it, and being paid at a piece rate, neither of them made much money. It was hot work, and less than pleasant. There were no kids rides or musicians, Just the work. They only lasted one summer at it, as I remember, and both found other ways to earn pocket money as they made their way through school. And nobody was counting on them bringing home a paycheck to pay the bills.
I couldn't help but wonder what migrant workers get paid for such work? Our niece, who went with us to pick, tutors the children of migrants. She told us they are in her part of Florida for about three months, and then they move on. And often the kids have to try and play catch up academically, often never quite reaching their goals. Their parents work very long , very hard hours. Often for very poor pay. Living in overpriced quarters--no better than shacks--and having very little security.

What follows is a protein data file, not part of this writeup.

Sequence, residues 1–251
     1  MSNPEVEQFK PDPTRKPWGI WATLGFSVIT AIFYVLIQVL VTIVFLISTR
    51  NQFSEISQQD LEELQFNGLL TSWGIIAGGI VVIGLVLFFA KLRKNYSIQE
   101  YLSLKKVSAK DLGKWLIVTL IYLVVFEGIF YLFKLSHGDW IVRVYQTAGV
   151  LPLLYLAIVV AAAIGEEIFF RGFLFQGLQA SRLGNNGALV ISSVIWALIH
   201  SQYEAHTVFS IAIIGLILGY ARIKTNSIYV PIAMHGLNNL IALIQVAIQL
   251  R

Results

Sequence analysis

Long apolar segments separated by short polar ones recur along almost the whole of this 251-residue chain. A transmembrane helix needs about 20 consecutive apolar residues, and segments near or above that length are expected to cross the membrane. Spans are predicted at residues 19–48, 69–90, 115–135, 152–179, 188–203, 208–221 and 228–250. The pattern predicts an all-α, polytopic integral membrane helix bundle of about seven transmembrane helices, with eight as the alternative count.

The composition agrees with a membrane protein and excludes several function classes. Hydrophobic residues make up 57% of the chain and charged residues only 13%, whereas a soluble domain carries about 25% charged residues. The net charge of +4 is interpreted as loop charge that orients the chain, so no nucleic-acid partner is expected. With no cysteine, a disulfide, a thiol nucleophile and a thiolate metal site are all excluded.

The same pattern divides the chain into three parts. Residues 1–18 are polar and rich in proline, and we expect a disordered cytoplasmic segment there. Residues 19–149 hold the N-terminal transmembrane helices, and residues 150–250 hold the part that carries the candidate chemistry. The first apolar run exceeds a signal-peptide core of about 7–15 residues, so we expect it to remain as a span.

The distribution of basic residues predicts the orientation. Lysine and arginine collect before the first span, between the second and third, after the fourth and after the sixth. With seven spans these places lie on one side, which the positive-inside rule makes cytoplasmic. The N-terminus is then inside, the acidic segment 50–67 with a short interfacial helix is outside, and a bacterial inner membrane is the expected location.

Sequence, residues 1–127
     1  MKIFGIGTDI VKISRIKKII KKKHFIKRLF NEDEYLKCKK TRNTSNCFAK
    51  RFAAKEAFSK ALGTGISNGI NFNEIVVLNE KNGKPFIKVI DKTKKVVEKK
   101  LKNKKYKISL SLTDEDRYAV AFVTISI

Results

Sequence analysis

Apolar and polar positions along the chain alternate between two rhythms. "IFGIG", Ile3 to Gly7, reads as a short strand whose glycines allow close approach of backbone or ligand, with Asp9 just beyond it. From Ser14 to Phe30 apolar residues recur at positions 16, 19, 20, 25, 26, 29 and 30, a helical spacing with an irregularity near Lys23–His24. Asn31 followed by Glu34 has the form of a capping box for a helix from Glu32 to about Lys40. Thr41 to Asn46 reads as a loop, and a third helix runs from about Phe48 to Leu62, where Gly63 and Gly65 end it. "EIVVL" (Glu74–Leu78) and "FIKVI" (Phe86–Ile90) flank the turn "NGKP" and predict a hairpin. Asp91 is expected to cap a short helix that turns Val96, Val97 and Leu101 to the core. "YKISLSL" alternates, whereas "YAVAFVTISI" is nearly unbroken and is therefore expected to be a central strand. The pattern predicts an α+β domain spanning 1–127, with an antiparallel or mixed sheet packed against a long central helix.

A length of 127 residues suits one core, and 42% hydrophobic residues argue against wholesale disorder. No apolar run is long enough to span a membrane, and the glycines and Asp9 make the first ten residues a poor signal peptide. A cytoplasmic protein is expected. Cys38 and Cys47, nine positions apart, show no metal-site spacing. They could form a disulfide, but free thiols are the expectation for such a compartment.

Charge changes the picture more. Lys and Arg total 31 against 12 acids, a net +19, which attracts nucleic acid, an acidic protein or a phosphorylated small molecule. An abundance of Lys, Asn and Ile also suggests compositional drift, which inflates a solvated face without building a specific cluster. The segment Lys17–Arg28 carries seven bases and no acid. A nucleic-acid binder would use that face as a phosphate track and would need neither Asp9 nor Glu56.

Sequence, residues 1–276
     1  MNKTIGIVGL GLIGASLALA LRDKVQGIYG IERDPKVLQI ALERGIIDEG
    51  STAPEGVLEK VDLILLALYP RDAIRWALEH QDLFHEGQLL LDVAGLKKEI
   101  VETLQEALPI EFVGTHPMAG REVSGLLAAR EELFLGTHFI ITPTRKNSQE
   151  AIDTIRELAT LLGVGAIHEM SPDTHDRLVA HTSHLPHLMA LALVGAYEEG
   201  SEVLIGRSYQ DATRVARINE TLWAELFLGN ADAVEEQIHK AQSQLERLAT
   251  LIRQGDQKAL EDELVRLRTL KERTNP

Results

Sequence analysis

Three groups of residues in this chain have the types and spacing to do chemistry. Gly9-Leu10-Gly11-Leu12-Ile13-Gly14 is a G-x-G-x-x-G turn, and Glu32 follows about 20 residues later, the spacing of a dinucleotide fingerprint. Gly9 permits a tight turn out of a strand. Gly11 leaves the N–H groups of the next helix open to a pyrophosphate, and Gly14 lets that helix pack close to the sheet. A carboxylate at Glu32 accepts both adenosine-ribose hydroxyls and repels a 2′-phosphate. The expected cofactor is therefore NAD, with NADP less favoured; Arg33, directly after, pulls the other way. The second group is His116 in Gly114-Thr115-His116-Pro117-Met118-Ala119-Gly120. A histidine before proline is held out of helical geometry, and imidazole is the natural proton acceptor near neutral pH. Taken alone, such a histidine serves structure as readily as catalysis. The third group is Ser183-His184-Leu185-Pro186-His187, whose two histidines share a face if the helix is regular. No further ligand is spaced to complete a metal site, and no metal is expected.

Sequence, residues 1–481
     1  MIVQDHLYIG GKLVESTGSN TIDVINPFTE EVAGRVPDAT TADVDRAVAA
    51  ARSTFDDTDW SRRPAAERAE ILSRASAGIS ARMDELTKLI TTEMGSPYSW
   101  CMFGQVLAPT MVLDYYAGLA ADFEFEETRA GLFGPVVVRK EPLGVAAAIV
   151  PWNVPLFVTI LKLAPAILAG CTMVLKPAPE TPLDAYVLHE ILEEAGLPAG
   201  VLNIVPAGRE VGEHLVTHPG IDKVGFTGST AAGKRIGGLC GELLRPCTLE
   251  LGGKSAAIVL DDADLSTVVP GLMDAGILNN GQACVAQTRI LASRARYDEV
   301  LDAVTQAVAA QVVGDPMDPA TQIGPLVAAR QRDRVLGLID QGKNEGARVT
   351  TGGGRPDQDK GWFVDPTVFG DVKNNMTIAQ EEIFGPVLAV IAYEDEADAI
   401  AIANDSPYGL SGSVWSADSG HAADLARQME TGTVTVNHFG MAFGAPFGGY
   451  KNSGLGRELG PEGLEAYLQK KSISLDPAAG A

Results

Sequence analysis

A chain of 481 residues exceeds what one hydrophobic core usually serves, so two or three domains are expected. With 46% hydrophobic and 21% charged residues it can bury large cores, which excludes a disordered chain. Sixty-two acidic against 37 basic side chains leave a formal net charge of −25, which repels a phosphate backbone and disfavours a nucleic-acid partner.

Back in 2013, in Michigan, migrant workers were paid 42 cents a pound for picking blueberries. That meant they need to pick eighteen pounds an hour to make what was then minimum wage in Michigan. I assume it would be much the same in Florida. (www.michiganradio.org) One person would need to pick 33% more blueberries in an hour than the four of us did working together.
I will enjoy the berries on my cereal over the next few months, but I will also be doing a lot of thinking about how often I have something to eat without knowing what all has gone into putting it on my table. And how often my bounty may be at the expense of someone else.